"I am pleased to appoint such an accomplished and diverse group of candidates," O'Malley said in a statement. "These appointees will bring to the bench a broad range of legal expertise and true commitment to public service."
Carey, a Bel Air Town Commissioner who has served as the town's mayor and longtime lawyer with the firm Brown, Brown and Young, was appointed a Harford County District Court judge.
The appointment was the talk of the Bel Air legal community Wednesday.
"It's a great feeling; it has to sink in first," Carey said Thursday. "I am looking forward to continuing to serve the citizens in Harford County, just in a new way."
Carey said he is ready to take on the new adventure, but his first order of business is finding attorneys in his firm to take over his pending cases. He said he plans to use his 23 years of experience as a litigator to become a fair judge.
"My goal is to be fair and listen to people and make sure everyone feels like they got a fair shake," Carey said.
Carey, 49, was one of seven finalists for the Harford County District Court judge seat. Though he's held office in town government for 16 years, earlier this month when the deadline to file to run for another term passed, he chose not to seek elected office again.
At the time he said: "I've been on the board 16 years. I've enjoyed it and feel like the town has accomplished a lot, but I think it is time to give somebody else a chance."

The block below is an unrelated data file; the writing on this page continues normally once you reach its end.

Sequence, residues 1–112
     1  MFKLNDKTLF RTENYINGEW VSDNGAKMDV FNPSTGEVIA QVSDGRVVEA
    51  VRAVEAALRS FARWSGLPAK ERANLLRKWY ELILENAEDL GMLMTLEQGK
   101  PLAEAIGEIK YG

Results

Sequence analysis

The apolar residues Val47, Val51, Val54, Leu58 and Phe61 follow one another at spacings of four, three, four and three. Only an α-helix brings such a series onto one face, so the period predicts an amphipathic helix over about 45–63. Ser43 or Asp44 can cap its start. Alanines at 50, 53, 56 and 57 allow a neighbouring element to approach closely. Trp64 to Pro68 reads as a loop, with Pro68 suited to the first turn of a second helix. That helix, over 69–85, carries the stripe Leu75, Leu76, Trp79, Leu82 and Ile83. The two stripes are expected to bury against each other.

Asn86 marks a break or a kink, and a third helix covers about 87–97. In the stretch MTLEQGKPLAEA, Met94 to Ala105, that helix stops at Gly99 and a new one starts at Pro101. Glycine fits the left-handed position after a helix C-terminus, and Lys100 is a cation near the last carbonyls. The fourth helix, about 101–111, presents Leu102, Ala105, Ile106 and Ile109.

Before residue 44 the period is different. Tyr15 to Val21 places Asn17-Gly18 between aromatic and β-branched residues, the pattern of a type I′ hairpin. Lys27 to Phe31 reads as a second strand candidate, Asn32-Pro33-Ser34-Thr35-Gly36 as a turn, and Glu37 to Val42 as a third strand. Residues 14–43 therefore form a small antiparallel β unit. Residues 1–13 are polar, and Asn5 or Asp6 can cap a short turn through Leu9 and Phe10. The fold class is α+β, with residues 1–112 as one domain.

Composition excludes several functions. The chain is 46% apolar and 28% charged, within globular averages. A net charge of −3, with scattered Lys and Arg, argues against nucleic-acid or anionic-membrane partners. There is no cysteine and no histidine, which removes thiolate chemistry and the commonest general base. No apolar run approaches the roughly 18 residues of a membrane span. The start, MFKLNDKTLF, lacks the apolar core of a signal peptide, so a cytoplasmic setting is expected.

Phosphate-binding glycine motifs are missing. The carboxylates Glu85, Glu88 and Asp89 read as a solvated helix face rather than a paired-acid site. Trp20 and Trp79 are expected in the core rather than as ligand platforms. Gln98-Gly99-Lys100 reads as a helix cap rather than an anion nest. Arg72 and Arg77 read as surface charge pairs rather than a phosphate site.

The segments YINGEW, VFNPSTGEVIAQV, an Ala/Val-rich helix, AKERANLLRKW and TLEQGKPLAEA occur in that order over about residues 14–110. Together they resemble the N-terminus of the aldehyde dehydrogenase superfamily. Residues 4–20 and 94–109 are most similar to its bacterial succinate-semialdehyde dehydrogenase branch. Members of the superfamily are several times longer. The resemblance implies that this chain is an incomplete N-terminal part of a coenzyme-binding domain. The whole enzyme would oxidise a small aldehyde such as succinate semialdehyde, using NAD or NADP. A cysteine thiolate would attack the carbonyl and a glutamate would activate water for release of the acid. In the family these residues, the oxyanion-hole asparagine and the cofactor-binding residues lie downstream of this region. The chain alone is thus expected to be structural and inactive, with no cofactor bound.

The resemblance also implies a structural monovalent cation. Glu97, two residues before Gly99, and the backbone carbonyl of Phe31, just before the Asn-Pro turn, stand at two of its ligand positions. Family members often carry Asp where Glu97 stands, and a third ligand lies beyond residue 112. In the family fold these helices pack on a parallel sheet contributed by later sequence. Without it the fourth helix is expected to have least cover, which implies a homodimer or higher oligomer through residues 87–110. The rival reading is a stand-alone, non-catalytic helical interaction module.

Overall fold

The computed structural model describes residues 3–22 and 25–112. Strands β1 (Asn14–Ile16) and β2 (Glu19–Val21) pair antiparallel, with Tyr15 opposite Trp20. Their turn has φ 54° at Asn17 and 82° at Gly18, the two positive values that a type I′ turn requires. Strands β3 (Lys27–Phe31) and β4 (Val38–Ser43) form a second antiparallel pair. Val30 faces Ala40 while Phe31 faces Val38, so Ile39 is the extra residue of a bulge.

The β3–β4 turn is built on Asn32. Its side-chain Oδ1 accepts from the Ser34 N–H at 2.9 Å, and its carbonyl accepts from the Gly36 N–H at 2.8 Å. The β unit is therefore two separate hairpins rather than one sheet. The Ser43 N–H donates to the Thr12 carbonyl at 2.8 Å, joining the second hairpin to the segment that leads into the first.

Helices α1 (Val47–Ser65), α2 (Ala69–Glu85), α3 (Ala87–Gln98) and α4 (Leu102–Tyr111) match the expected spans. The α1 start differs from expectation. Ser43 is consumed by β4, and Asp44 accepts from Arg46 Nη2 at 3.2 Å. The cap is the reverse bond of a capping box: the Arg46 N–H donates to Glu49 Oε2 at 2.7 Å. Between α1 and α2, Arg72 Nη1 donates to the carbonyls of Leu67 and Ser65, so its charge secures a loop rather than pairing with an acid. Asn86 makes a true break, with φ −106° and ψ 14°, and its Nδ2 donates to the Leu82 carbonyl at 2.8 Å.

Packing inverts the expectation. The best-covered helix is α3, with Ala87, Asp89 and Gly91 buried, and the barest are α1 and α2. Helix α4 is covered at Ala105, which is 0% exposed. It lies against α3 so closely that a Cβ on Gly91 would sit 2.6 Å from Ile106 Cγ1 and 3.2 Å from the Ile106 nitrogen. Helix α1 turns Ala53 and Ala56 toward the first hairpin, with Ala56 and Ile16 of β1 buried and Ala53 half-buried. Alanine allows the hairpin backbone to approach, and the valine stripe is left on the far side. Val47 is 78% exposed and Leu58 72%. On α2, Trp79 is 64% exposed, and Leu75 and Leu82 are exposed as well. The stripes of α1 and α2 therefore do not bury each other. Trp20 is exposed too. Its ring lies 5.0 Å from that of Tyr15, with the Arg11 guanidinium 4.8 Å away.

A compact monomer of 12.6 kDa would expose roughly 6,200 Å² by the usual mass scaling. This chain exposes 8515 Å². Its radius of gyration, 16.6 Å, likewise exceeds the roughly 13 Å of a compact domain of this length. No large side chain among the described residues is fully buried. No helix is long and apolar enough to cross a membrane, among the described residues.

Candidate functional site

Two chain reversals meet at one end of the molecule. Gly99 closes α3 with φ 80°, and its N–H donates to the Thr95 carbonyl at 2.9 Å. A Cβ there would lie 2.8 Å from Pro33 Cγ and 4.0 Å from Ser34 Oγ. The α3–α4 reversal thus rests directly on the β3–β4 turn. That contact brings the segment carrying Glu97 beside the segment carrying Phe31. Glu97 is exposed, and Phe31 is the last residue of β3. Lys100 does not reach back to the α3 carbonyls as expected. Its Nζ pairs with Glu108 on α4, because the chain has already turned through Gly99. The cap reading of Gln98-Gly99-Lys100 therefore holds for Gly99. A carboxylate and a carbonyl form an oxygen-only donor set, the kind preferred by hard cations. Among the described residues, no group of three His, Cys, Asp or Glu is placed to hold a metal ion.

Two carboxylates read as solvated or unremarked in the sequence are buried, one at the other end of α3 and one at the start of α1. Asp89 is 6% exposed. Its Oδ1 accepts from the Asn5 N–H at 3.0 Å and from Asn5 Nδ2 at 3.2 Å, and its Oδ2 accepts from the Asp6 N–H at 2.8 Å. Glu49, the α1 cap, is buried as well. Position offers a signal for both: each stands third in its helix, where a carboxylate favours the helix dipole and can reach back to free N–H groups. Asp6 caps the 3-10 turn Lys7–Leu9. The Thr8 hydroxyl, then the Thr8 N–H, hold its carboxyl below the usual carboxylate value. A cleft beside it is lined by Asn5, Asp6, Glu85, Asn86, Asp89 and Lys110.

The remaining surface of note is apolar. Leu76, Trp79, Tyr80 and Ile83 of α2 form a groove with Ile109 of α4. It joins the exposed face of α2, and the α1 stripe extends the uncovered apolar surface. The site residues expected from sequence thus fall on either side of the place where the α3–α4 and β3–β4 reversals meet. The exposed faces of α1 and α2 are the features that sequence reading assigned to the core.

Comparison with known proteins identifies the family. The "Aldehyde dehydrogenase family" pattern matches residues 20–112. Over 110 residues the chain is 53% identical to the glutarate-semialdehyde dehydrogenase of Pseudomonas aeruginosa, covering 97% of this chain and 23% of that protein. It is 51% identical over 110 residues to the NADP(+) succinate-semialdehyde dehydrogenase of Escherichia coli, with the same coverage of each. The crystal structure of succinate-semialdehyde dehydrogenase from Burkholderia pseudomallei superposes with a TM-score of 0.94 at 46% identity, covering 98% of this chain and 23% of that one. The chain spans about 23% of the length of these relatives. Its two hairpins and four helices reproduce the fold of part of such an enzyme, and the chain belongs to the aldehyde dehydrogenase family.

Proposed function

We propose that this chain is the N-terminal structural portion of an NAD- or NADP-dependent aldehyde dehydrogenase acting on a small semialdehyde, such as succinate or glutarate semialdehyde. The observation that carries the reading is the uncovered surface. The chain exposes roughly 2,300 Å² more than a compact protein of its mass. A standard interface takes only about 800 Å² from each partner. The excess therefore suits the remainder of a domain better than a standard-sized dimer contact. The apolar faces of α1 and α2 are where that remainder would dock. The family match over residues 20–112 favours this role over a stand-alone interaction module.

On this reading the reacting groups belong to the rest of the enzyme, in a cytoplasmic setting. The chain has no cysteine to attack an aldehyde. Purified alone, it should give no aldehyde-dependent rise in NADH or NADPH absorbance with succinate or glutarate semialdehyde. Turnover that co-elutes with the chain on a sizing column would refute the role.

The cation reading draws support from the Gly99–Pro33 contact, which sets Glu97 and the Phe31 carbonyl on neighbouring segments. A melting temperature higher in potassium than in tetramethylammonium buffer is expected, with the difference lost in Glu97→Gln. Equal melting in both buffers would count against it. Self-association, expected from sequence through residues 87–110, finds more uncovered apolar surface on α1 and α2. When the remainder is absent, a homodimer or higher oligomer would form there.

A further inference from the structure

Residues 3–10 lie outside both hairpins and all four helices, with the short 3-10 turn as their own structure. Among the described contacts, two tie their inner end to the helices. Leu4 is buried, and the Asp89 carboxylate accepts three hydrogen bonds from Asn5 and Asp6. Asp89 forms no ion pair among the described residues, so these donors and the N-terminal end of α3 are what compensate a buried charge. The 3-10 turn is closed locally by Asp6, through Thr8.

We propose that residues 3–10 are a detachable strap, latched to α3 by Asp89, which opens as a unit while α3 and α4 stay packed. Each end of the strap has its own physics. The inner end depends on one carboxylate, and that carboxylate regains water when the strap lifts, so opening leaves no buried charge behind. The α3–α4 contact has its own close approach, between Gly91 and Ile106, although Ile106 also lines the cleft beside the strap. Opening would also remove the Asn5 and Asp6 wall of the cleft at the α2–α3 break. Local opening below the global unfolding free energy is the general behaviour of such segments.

Several judges on the bench, or retired from it, in Harford County have come from the firm Brown, Brown & Young or its predecessors.
The vacancy being filled by Carey's appointment resulted from the recent retirement of Judge John Dunnigan.
Curtin, 46, of Jarrettsville, who has nearly a decade of judicial experience, will be presiding in the Circuit Court of Harford County. She is an administrative law judge for Maryland's Office of Administrative Hearings and spent 10 years as an assistant state's attorney for Harford County.
"I am extremely excited and honored Gov. O'Malley appointed me to this position," Curtin said. "I have maintained close ties with the legal community there and to go back to be a public servant in the community where I started is amazing."
Curtin will face the voters in 2014 per the requirement that circuit court judges stand for election to a 15-year term in the first county election after their appointment. At the end of the first 15-year term, judges must stand for election again.
"I truly feel that coming to this country afforded me some wonderful opportunities and along the way people have been very helpful to me," Curtin said. "I grew up believing that you have to give back to the community that has given so much to you."
Curtin said she will continue to teach law courses during the spring semester at the University of Maryland School of Law.
Curtin's appointment resulted from the retirement of Judge Emory A. Plitt Jr.
Maryland District Court judges serve for 10-year terms after being appointed by the governor and are eligible for reappointment until they reach the mandatory retirement age of 70.
Unlike Circuit Court judges, there is no election requirement for a District Court judge, though they are subject to a confirmation process during the subsequent session of the Maryland General Assembly following appointment.
As of July 1, the annual salary of a district court judge in Maryland is $131,808. Circuit court judges make $144,908.